Okay, a few highlights. Tues we arrived after a 5 hour train ride from Wein to find that the hotel I had reserved a room in and paid for through Expedia, would not give us a room! They claimed I had only reserved a double whereas I was sure I reserved a double with a roll-away, which was what the hotel told me to do when I called many months back. They wanted to move us to another hotel, much farther away, where we would have to pay extra. What a disaster! As I got online and on the phone with Expedia, I saw that this was a current scam in a few places here, so I became less inclined to deal with the original hotel at all. Total clusterfuck, but 3 hours later we ended up a few doors down, in a much nicer place, with a bigger more beautiful room and very friendly staff. The girl at the front desk (who shared a birthday with Morgan) was literally the nicest Czech-Irish princess and saved us from the scoundrels up the hill. We tried to joke about it, but we were all so wiped, it was a bit of a crash landing. Eventually got some very decent food across the street and had my first black Pilsner Urquell.

Apparently part of recovering from Communism is scamming--we were warned by travel guides and our bus tour guy not to take taxis or talk to the police. Apparently government employees also very corrupt. Add to that list certain hoteliers.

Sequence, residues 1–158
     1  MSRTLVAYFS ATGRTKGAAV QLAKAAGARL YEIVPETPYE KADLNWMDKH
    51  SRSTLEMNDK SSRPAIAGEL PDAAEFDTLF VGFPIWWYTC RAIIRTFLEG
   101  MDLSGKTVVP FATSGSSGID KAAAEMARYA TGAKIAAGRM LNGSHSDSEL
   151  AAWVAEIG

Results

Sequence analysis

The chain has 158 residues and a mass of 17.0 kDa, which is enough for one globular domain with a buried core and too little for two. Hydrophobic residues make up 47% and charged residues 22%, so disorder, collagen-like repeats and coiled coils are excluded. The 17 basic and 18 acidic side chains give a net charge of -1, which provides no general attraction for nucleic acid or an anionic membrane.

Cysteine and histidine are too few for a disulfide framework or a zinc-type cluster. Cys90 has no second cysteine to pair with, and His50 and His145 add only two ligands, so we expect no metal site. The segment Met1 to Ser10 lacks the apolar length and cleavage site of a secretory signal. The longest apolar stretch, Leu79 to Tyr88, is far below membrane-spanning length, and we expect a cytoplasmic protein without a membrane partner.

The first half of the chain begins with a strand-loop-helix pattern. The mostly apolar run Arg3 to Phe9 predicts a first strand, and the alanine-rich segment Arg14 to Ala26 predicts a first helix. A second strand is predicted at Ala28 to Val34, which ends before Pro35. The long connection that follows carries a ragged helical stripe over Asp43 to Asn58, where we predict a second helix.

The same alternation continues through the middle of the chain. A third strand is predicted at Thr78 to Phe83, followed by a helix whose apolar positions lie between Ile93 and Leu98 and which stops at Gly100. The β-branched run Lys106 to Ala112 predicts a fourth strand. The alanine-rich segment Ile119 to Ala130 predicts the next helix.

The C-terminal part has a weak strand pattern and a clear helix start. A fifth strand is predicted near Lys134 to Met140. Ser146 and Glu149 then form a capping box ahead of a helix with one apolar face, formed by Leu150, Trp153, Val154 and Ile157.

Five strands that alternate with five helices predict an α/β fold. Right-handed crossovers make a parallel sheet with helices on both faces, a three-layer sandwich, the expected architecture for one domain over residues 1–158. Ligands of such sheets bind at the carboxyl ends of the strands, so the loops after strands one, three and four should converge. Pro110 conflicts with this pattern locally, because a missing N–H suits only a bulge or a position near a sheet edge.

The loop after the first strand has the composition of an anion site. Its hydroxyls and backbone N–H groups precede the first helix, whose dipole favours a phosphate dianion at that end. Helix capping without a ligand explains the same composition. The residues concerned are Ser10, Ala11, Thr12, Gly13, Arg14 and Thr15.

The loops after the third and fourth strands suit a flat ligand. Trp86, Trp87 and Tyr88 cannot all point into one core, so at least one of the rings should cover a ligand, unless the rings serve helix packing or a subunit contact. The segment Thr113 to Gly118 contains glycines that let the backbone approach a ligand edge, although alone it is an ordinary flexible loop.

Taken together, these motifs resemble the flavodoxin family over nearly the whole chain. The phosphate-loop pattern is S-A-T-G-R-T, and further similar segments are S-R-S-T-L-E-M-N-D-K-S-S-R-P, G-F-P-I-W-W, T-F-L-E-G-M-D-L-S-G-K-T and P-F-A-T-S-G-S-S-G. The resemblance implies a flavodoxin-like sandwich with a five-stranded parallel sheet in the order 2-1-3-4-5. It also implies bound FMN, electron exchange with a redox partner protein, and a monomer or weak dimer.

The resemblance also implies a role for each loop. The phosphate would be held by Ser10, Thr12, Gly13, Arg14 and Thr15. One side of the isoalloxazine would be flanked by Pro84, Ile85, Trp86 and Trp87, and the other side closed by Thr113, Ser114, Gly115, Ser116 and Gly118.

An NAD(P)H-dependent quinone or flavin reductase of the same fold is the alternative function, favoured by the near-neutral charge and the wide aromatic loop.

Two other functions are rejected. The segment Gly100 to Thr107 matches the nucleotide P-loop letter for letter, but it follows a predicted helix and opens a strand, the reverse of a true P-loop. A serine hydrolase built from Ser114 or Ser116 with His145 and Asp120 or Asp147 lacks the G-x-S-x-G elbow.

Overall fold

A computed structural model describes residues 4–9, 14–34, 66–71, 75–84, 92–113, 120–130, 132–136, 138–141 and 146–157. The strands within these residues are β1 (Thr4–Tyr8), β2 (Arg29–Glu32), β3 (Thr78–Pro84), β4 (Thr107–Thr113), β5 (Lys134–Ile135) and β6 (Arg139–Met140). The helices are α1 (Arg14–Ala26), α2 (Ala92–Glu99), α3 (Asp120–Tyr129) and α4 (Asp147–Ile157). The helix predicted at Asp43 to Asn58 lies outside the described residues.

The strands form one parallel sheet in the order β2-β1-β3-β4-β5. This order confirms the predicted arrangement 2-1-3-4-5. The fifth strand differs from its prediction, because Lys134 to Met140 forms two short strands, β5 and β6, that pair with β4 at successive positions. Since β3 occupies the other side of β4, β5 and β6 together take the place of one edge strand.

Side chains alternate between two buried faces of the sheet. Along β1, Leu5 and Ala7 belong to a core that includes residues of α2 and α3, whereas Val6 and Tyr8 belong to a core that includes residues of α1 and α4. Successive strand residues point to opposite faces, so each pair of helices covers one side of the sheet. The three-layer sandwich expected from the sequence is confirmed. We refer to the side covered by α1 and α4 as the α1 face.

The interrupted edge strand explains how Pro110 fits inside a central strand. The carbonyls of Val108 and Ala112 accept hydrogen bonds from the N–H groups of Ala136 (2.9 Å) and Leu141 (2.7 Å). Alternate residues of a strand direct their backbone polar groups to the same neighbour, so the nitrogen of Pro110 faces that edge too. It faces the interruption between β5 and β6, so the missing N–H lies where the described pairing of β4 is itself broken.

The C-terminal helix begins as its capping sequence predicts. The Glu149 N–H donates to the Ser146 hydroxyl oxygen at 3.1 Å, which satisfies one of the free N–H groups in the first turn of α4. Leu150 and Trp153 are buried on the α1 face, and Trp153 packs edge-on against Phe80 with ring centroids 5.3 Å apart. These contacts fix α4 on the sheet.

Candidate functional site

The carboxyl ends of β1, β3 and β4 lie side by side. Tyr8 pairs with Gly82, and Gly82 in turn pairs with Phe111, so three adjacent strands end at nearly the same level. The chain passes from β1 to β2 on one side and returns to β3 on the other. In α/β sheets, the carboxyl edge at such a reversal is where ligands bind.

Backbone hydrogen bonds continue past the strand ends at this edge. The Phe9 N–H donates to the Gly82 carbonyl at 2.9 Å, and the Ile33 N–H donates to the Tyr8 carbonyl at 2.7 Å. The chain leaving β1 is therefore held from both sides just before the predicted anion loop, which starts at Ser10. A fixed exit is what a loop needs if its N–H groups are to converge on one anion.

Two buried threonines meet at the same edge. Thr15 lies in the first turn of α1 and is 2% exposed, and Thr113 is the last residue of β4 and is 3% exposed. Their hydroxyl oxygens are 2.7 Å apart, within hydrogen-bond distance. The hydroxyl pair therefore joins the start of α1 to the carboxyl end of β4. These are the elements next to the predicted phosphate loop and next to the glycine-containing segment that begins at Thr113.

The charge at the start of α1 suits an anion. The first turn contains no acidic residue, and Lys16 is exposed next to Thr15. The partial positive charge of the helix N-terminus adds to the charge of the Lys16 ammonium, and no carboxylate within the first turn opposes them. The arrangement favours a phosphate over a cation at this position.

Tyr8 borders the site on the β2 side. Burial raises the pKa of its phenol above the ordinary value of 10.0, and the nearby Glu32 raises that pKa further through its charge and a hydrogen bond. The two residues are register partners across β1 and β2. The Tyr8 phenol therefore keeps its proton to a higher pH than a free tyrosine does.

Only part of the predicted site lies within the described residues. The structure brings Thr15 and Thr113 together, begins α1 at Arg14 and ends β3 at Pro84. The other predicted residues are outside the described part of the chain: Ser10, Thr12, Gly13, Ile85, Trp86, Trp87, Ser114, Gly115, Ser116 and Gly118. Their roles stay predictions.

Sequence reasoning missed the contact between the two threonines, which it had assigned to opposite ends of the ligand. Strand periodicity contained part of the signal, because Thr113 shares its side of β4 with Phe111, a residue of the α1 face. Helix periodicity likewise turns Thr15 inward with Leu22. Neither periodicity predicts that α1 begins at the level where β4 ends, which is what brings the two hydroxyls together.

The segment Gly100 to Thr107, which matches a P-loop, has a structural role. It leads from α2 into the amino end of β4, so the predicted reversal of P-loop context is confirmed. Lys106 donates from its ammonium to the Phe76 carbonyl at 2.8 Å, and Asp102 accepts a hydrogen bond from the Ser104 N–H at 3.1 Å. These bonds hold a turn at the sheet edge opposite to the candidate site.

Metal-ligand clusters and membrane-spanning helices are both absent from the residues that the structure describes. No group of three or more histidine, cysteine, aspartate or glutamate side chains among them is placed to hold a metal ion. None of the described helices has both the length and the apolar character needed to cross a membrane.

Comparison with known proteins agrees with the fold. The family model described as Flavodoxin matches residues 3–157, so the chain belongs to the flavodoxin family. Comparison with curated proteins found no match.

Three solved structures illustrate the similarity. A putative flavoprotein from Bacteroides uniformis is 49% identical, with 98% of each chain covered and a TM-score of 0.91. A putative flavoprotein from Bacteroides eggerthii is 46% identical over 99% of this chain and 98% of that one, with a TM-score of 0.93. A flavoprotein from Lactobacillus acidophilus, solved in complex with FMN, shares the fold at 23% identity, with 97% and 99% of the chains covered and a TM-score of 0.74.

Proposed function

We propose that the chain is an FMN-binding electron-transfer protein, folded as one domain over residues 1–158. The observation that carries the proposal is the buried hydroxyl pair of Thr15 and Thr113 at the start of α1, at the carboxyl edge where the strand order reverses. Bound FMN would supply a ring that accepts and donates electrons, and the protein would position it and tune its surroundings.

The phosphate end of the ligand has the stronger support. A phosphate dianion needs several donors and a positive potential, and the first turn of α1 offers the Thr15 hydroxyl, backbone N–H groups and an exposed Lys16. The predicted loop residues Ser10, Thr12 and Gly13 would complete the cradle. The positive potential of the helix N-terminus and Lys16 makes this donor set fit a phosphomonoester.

From there everything has been perfect, although yesterday Morgan had the Mexican death flu that I brought home. Cyrus had it in Wein, and Morgan was down all day yday. Luckily, part of the Czech Irish princesses magic was she sold us a room with a roll away, and then decided we would be more comfortable in two rooms, so she gave us that deal for only 10 Euros more...Morgan got his own room as an early birthday present. Perfect for the 17 year old Cancerian. So while he was sleeping all day yday, and Cy had asked for a nothing day, I wandered to the Mucha Museum on my own and through Old Town and into this amazing pub right near our hotel. I saw the pub the day before when we went to the Alchemy Museumwhich is in a 16th century building where English alchemist Edward Kelley lived, and has a small and not very professional exhibit on alchemy (too much text!) but a rocking recreation of a medieval alchemy lab in the attic at the top of the tower! Super cool and creepy. Anyway, the pub is also decorated like a witch's cottage/alchemists lab, and is mostly in the second basement of this likewise medieval era building...people bring their dogs in to pubs, they smoke (eww), sit and take their time over a beer and/or food...this place was the best find so far.